With students encouraged to stay at home and many workers in the city being furloughed or working fewer hours, demand for rental homes in the English capital has dropped off, which has in turn, weighed on rent levels. Amid the ongoing uncertainty wrought by the coronavirus pandemic, reports suggest the average London rent has declined by between 10-15% and that's despite an increase in demand as lockdown measures are eased.
This development follows a period of higher demand in much of March as a lack of available rental stock was still lower than the rate of demand. However, the situation has since reversed and landlords and letting agents in the city are in a position where rent levels are lower.
Numerous drivers for the drop in demand
According to research on the London market from Chestertons, there are four main reasons why demand for new rental properties in the capital has declined and pushed average rents lower too. They are:
- With some universities already stating that the 2020-21 academic year will be completed online and uncertainty elsewhere, the student market, including overseas students who make up a notable part of London student tenants, has dried up.
- Corporate relocations also make up a proportion of London lets. However, with working from home remaining a core practise for many companies for the foreseeable future, many international relocations have been put on hold.
- Where existing London tenants are coming to the end of their leases but are still on furlough or are have lost their jobs, rather than agreeing a new contract or moving to a new rental property, many are opting to move elsewhere including back home with family, until they can gain more certainty around their job and income.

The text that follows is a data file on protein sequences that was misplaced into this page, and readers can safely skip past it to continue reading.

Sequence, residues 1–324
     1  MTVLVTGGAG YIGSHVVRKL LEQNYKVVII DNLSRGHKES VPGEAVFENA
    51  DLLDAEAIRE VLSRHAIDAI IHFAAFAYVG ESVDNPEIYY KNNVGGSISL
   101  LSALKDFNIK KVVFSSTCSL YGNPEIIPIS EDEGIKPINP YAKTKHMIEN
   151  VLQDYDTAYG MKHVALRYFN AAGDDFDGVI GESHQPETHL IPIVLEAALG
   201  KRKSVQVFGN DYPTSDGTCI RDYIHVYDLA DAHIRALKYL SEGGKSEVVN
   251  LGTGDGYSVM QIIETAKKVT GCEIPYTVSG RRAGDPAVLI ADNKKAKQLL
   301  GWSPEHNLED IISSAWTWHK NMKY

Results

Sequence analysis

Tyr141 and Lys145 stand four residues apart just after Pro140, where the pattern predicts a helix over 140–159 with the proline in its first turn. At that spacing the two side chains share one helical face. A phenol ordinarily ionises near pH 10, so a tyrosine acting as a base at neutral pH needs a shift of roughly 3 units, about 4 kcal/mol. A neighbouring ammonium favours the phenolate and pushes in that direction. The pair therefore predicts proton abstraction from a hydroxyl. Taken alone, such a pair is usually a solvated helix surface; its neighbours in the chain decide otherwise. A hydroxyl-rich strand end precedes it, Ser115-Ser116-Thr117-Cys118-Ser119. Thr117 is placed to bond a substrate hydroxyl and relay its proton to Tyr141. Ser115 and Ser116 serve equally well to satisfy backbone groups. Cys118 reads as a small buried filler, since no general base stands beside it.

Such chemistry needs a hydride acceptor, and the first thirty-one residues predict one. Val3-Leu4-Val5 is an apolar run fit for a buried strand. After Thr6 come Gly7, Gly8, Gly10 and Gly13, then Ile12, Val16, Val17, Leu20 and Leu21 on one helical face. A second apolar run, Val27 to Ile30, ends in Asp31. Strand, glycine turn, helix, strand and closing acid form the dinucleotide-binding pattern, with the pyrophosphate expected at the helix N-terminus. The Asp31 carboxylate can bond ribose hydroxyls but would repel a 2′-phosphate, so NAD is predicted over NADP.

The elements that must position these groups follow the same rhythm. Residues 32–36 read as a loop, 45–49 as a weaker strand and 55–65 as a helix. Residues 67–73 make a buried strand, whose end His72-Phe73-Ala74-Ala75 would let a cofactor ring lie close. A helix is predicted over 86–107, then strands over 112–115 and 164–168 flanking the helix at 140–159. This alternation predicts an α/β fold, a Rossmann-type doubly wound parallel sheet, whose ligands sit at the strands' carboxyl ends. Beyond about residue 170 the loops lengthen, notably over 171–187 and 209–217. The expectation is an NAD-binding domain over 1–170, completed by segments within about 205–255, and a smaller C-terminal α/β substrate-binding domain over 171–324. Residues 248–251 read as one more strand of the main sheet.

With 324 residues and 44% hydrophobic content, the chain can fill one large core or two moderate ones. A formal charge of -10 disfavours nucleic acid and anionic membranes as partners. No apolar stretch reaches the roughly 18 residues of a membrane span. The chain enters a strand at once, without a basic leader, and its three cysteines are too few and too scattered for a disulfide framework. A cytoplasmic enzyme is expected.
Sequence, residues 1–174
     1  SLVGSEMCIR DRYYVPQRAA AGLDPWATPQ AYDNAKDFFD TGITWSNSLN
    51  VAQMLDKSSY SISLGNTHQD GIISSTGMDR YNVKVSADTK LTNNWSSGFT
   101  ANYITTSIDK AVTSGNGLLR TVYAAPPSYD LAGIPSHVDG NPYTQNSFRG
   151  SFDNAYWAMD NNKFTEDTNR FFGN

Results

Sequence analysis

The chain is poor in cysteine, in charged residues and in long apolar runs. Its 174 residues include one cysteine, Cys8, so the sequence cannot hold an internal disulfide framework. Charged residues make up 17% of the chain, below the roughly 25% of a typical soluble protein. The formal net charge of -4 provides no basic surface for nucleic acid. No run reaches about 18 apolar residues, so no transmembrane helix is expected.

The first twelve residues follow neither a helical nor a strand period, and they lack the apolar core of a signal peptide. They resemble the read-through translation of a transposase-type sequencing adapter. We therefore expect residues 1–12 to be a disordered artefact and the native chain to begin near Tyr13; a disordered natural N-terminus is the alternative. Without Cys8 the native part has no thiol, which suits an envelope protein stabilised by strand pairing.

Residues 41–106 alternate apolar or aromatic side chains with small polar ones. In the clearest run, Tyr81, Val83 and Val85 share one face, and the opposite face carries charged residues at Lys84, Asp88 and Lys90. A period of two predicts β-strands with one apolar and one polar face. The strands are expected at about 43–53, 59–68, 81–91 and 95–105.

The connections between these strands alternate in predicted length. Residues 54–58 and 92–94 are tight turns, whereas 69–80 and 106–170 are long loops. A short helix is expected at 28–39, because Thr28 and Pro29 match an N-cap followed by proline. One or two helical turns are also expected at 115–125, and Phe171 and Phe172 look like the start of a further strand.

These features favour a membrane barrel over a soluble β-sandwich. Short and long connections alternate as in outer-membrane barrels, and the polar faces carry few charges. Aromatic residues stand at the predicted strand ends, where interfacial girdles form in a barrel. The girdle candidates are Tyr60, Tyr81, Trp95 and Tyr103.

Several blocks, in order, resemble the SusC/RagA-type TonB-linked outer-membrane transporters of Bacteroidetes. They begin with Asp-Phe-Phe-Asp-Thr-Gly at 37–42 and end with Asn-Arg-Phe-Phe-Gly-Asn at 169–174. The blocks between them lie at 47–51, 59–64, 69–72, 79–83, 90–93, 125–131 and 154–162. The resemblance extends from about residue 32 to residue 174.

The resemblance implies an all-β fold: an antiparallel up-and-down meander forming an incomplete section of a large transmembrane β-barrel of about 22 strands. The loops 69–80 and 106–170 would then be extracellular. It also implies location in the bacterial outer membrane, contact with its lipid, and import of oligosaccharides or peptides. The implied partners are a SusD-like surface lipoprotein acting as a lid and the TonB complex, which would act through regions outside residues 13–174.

- Another feature behind the decline in rents is where existing tenants opt to renew an existing tenancy agreement, but negotiate a lower rent as both parties avoid the additional issues that come on top of the usual end of a lease and bringing in a new tenant.
It’s also worth mentioning that there has likely been a rise in the number of available rental properties as many properties usually rented out in AirBnB style short-term lets have been made available for longer-term renters as the tourism market has stalled.
Lower rents reverse typical seasonal increase
This period of the year is usually when rents rise as demand for rental homes in the city rises due to a number of details, including students securing a property for their next academic year. However, the coronavirus continues to affect the housing and rental market, often in unexpected ways.
“We are now coming into the busiest time of year for rentals in London when rents usually are at their highest,” said Chestertons’ head of lettings, Richard Davies. “However, we have seen a rapid switch from a landlords market to a tenants market and landlords are now having to discount their properties by 10 to 15 per cent in order to secure a tenant, or risk facing a long void period with no rental income.”
With so much uncertainty, it seems many landlords are willing to agree a lower rent rather than have no tenant at all. This is good news for tenants agreeing those lower rents, but its likely landlords are hoping this situation reverses and they can maintain their current levels of monthly rent – at the very least.